restricted access Galactic Suburbia: Recovering Women’s Science Fiction (review)
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Galactic Suburbia: Recovering Women’s Science Fiction. By Lisa Yaszek. Columbus: Ohio State University Press, 2008. Pp. xii+234. $71.95/$22.95.

Lisa Yaszek, a literary- and cultural-studies professor at the Georgia Institute of Technology, explores speculative fiction by and about women from the latter 1940s until the rise of feminist science fiction in the 1960s. Galactic Suburbia documents women’s active participation in the development of the genre. While this literary form remains male-dominated (and male-dominant), it nonetheless has had a few dents punched into its masculine hull by women authors, their women characters, and futuristic (but not necessarily transmuted) societies.

Yaszek illustrates how women’s roles at home or at work and in relationships were influenced but not transformed by innovation. At least in the middle-classed suburbia often depicted in these stories, feminine mystique inextricably links women to home. While Yaszek’s expertise in the genre can inform even the best-read sci-fi addict, her failure to question the fundamental assumptions of gender difference is disappointing.

Following a straightforward introduction, Yaszek’s first chapter centers on the authors as socially situated—culturally, economically, and politically—through case studies of Judith Merril, Alice Eleanor Jones, and Shirley Jackson. In their 1940s and 1950s imaginings, these authors gently critiqued women’s suburban sex roles and exposed the restrictions they faced as women sci-fi writers. For instance, Jones used romantic/domestic tropes from women’s magazine fiction to consider how technological advancements might impact women’s relationships and home life in her near-future stories.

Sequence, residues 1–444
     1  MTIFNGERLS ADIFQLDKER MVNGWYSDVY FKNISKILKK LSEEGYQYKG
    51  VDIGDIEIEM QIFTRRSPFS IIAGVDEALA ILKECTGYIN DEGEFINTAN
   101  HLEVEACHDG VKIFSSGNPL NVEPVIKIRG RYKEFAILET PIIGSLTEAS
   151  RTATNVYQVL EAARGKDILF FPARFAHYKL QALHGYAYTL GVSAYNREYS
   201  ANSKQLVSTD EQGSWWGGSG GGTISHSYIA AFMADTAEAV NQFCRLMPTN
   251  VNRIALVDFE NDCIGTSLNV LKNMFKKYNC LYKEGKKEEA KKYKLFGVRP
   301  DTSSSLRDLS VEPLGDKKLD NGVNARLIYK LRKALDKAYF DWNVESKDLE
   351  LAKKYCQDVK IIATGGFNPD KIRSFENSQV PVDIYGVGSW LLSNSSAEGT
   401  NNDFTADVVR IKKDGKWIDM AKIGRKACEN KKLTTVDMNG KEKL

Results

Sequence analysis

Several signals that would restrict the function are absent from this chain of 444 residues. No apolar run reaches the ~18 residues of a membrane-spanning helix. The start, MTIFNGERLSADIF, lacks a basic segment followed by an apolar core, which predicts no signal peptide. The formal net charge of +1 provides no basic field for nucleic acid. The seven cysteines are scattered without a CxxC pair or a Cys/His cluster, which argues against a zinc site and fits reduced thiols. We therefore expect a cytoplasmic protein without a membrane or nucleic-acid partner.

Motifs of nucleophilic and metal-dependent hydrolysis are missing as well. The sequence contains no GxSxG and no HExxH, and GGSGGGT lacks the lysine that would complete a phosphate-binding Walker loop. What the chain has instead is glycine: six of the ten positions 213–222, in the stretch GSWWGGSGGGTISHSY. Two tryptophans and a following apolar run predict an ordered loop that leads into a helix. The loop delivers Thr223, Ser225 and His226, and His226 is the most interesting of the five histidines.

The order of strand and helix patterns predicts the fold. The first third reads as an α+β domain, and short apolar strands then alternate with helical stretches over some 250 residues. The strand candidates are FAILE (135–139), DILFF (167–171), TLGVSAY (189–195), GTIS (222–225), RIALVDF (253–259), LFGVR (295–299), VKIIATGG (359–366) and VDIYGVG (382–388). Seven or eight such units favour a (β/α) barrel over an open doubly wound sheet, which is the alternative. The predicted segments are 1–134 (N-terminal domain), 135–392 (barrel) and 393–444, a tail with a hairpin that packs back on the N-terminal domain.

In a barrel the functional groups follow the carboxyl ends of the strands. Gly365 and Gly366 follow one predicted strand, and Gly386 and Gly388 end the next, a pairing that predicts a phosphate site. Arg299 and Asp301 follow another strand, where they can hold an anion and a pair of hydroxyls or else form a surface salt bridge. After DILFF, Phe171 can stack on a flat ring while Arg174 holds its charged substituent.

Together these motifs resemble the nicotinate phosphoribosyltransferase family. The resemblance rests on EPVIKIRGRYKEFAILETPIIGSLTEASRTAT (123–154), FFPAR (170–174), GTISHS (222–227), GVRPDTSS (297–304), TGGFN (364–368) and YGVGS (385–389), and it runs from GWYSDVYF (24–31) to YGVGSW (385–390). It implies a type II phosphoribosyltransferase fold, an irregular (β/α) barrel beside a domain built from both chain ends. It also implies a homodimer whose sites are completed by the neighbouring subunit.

In the immediate postwar years, middle-class women’s suburban homes were performance spaces for traditional roles and places where—as advertising constantly reminded readers—they implemented emerging technologies. Despite these so-called advancements, women craved more than the familial and consumer tasks assigned to them. In her second chapter Yaszek focuses on sci-fi’s relation to cold war homemaking, specifically [End Page 959] women’s responsibilities as consumers and their desires to transform traditional relations. She chose Zenna Henderson’s 1950s People stories to illustrate the performative nature of gender in this period: femininity was something you did to survive socially, but there was an underlying hope for a time and place where human potential (or in Henderson’s case, alien potential) could be a central part of public life.

In chapter 3, Yaszek argues that women writing sci-fi in the postwar era cunningly forecast changes on the horizon, drawing from their experiences as “natural” wives and mothers to promote peace in the face of nuclear war and to challenge existing race relations “for the sake of the children.” Through antiwar or post-nuclear-holocaust narratives and stories featuring encounters with the alien (feminine) Other, these writers were engaged in political and social activism. In chapter 4, Yaszek discusses the ways writers exemplified and portrayed women as scientific experts with the capacity to meld domestic and professional realms. Still, women activists rarely took the radical stance taken by feminist authors in subsequent decades, and for this they were severely criticized by their feminist sisters.

In her conclusion, Yaszek points to the women sci-fi authors of the 1960s and 1970s, who pushed the boundaries of political and social norms to consider the plausibility of egalitarianism, separatist colonial planets, or women warriors breaking through postwar barriers. Although many explicitly feminist authors rejected the domestic tropes of writers from the 1940s and 1950s for not being radical enough, Yaszek shows how the themes and literary techniques of postwar women’s sci-fi were expressed. While differences emerged between generations of women’s sci-fi, they were “less a matter of kind than degree” (p. 200).

Even though Yaszek is quite right about intergenerational themes of restrictive gender roles in postwar and feminist sci-fi, she fails to interrogate the feminine mystique that structures the times in which they lived in the works they portrayed. In addition, after hinting at how gender itself can be reconfigured or eliminated through technology—as in the specter of the cyborg—she leaves her reader hanging on the precipice of hope that underlies women’s (and some...